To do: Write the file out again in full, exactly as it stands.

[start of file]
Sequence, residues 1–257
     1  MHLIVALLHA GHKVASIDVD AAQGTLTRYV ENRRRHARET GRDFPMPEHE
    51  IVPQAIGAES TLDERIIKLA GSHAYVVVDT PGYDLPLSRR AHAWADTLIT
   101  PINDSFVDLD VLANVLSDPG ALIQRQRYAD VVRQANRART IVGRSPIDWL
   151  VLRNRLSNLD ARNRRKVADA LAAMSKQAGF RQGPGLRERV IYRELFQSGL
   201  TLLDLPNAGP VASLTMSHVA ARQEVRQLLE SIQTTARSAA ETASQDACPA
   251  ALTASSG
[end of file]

Sequence, residues 1–257
     1  MHLIVALLHA GHKVASIDVD AAQGTLTRYV ENRRRHARET GRDFPMPEHE
    51  IVPQAIGAES TLDERIIKLA GSHAYVVVDT PGYDLPLSRR AHAWADTLIT
   101  PINDSFVDLD VLANVLSDPG ALIQRQRYAD VVRQANRART IVGRSPIDWL
   151  VLRNRLSNLD ARNRRKVADA LAAMSKQAGF RQGPGLRERV IYRELFQSGL
   201  TLLDLPNAGP VASLTMSHVA ARQEVRQLLE SIQTTARSAA ETASQDACPA
   251  ALTASSG